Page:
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Case Study of Envie – France

Didier Chabanet and Patrick Gilormini, CEVIPOF, Sciences Po, Paris, France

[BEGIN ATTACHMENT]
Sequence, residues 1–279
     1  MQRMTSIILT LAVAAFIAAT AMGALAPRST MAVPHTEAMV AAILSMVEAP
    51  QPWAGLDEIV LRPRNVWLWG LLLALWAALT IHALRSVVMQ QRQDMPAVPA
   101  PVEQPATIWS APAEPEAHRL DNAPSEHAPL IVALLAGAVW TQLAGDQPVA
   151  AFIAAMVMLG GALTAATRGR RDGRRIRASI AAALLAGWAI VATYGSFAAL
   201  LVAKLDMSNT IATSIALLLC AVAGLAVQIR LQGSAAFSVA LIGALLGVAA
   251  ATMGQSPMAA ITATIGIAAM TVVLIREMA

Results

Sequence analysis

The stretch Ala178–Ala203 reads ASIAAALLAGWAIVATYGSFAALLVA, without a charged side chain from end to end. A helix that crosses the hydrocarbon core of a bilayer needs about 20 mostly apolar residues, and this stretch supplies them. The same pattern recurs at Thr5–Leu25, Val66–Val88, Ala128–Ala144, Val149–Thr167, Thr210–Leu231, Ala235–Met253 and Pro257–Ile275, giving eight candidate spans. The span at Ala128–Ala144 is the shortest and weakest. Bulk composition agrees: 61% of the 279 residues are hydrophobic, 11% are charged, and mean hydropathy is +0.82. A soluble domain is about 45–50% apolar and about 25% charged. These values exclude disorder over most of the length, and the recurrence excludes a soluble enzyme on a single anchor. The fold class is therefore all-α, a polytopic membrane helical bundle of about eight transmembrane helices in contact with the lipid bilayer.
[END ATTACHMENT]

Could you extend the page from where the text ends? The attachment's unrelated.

Abstract: Envie is a national network of inclusion through employment companies specializing in the recycling and repair of waste electrical and electronic equipment (WEEE), especially household appliances. Each unit of the Envie network employs people on short-term integration contracts who are significantly far away from the labor market and train them so that they have a chance to find a stable job. This is the main social goal of Envie. Its economic activity consists in recovering WEEE from companies or individuals and then repairing, selling or recycling it. The network displays and sells the renovated products in nearly 45 stores under the Envie brand. The products are sold 50% cheaper than brand new ones, which allows relatively poor consumers to buy them. The stores also offer a full range of after-sales services such as delivery, warranty extensions, equipment loans and repairs. A turning point for ENVIE was the implementation of the European Directive that organizes the collection and treatment of electronic waste in each Member State. Its purpose is, as a first priority, the prevention of waste electrical and electronic equipment (WEEE), and in addition, the re-use, recycling and other forms of recovery of such wastes so as to reduce the disposal of waste. Since then, Envie has prepared the development of its network in order to cover progressively all the French territory. The future of Envie seems to be linked to its positioning as a mid-size enterprise between big private environmental utility operators as SUEZ, VEOLIA, NICOLLIN or local public authorities (Syndicat inter-communaux, metropoles), and small players ranging from SMEs to charities (Emmaüs, Notre Dame des Sans Abris, etc.) and informal waste recycling agents. Envie is 80% self-financed and 20 % of its resources fund comes from public money which is justified by a high supervising ratio required for workers in insertion contracts: Supervisors are engaged in personal, social and professional coaching activities for beneficiary workers. Workers average contract lasts 14 months which generate frequent selection and integration costs of newcomers. Absenteeism rate is 14%, which is twice as much as in traditional business. Today, the ENVIE network supports more than 1000 people with an integration contract. Years after years, between 50% and 60% of these workers have access to a stable employment or a skill training program leading to specific qualifications, which is a remarkable achievement given the sociological profile of this population.